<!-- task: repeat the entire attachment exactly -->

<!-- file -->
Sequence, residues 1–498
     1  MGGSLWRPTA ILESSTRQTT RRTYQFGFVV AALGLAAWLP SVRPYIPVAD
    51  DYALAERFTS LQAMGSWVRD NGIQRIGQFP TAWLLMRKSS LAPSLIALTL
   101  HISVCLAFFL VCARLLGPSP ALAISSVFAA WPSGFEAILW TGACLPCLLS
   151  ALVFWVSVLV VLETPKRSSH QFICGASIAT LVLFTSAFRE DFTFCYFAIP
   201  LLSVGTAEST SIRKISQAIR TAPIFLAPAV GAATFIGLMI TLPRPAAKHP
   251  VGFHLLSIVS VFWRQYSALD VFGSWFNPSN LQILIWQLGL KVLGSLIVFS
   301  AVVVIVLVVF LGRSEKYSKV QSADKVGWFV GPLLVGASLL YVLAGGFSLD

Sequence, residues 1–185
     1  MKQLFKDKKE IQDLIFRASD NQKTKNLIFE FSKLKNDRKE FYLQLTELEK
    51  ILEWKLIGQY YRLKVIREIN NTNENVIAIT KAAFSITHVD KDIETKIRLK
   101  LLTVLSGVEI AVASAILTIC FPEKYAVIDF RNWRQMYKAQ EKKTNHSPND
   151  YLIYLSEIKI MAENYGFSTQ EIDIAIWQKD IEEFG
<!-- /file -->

Sequence, residues 1–498
     1  MGGSLWRPTA ILESSTRQTT RRTYQFGFVV AALGLAAWLP SVRPYIPVAD
    51  DYALAERFTS LQAMGSWVRD NGIQRIGQFP TAWLLMRKSS LAPSLIALTL
   101  HISVCLAFFL VCARLLGPSP ALAISSVFAA WPSGFEAILW TGACLPCLLS
   151  ALVFWVSVLV VLETPKRSSH QFICGASIAT LVLFTSAFRE DFTFCYFAIP
   201  LLSVGTAEST SIRKISQAIR TAPIFLAPAV GAATFIGLMI TLPRPAAKHP
   251  VGFHLLSIVS VFWRQYSALD VFGSWFNPSN LQILIWQLGL KVLGSLIVFS
   301  AVVVIVLVVF LGRSEKYSKV QSADKVGWFV GPLLVGASLL YVLAGGFSLD

Sequence, residues 1–185
     1  MKQLFKDKKE IQDLIFRASD NQKTKNLIFE FSKLKNDRKE FYLQLTELEK
    51  ILEWKLIGQY YRLKVIREIN NTNENVIAIT KAAFSITHVD KDIETKIRLK
   101  LLTVLSGVEI AVASAILTIC FPEKYAVIDF RNWRQMYKAQ EKKTNHSPND
   151  YLIYLSEIKI MAENYGFSTQ EIDIAIWQKD IEEFG